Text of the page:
Article: A Footnote in History: Why the Obamacare Ruling May Not Matter

A Footnote in History: Why the Obamacare Ruling May Not Matter

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Political Jockeying In Anticipation Of Supreme Court Ruling – Kaiser Health News

Political Jockeying In Anticipation Of Supreme Court Ruling

Mary Agnes Carey and Marilyn Werber Serafini join Jackie Judd to talk about the permutations of the impending Supreme Court decision on the constitutionality of the health care law. Carey says much is at stake for all people who touch the health care system while Werber Serafini outlines some of the Republican alternatives to the law.

via Political Jockeying In Anticipation Of Supreme Court Ruling – Kaiser Health News.

Notes on Prevention, Disease Care and Delivery Systems

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May_30_Health_Care_Rally_NP (641) (Photo credit: seiuhealthcare775nw)

I have, for some years now, said that, for all our talk as a nation about our “health care delivery system,” we do not actually HAVE one!  Rather, I believe that we have a “disease care industry” that thrives as a market-driven economic engine to the tune of over $2 trillion and approaches one-fifth of our national economy.   And that is a good thing, as far as it goes.  It just doesn’t help us get healthier!  Today’s Health Affairs Blog entry, “It’s Too Late to Turn Back Now – A Transformation to Wellcare is Underway,” got me started thinking.

What would a true “health care delivery system” look like?  Here’s my take:

  • It would focus on primary care, providing a more robust and better-paid primary care workforce, including interprofessional teams of nurses, physicians, pharmacists,  dentists, psychologists, nutritionists and social workers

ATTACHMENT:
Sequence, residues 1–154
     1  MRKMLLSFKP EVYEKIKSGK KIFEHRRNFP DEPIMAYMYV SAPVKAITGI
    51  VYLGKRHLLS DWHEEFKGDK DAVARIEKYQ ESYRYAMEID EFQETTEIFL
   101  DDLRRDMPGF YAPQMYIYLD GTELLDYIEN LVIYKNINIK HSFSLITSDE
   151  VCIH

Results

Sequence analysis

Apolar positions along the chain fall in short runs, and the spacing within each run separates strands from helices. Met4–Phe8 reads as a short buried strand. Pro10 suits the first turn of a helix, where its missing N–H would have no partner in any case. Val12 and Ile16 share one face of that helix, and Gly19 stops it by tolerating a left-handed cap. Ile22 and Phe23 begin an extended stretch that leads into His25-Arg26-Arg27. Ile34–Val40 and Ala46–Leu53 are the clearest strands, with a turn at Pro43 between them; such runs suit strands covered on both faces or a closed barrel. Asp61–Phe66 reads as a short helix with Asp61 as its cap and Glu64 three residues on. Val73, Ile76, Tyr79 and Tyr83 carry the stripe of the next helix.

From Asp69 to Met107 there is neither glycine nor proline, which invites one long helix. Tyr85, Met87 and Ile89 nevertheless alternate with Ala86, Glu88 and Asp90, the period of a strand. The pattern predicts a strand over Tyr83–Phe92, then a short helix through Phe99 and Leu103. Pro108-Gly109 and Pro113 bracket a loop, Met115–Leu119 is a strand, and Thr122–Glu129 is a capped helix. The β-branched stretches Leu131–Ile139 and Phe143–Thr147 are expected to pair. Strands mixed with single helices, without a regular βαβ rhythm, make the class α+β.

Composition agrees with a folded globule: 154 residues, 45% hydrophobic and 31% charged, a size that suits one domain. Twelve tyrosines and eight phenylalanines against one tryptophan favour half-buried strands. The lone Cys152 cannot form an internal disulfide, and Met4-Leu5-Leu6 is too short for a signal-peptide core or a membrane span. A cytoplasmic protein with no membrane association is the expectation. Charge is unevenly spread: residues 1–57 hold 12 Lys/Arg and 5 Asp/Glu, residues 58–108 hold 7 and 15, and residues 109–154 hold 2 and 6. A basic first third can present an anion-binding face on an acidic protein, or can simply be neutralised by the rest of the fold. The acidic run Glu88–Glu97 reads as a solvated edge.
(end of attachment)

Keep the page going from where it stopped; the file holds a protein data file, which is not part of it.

• There would be a single-payer reimbursement system (could be public or private), where a basic level of care would be covered for everyone.  Basic coverage must include preventive services, and the full services of a Patient-Centered Medical Home (PCMH)
  • A PCMH would be defined as a clinical practice in which
    • Every patient has a designated primary care provider (doctoral-trained physician or nurse – we can’t train enough physicians for this to only be a role for physicians – the need is too great, and our nursing colleagues bring a lot to the table for this role)
    • Every patient has a documented care plan with benchmarking and accountability, both for the patient and the practice team
    • All patients in the practice have access to the full-scope interprofessional team as needed
    • The practice manages the health of its patients as a population
    • The practice has a fully functional electronic health record (EHR) that includes robust capacity for patient registry functions and data mining
    • The practice commits to regular practice quality improvement and patient safety as a hallmark
    • Each patient undergoes a formal health risk appraisal, and all risks get managed through evidence-based primary, secondary or tertiary prevention efforts as part of the patient’s documented care plan
    • All patients have access to a smart-phone, tablet computer or similar technology to interact with the practice electronically
    • The practice gets reimbursed to interact with patients by telephone, electronically, and using telemedicine technology.
  • A local mechanism for accountability, through regional planning boards, report cards, or other similar mechanisms would give public feedback about performance of each PCMH, and about the health outcomes of the populations they serve.  To read an interesting piece about the current status of such accountability options, take a look at the following articles:  Consumer Reports Starts Rating Primary Care Practices (American Medical News) and Evidence-Based Policy Making (Health Affairs).

I know that some elements of what I propose are controversial, including the provision that not all PCMH practices are led by physicians.  I actually believe that the “work” of primary care physicians will be something different from anything we have ever seen, but I will save that content for another post.